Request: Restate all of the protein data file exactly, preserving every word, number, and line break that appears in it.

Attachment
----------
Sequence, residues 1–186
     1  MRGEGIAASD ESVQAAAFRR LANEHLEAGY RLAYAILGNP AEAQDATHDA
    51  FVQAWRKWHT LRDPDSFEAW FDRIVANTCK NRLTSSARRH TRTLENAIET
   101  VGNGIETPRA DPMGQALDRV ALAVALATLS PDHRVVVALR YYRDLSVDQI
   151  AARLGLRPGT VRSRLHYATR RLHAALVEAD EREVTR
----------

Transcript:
Sequence, residues 1–186
     1  MRGEGIAASD ESVQAAAFRR LANEHLEAGY RLAYAILGNP AEAQDATHDA
    51  FVQAWRKWHT LRDPDSFEAW FDRIVANTCK NRLTSSARRH TRTLENAIET
   101  VGNGIETPRA DPMGQALDRV ALAVALATLS PDHRVVVALR YYRDLSVDQI
   151  AARLGLRPGT VRSRLHYATR RLHAALVEAD EREVTR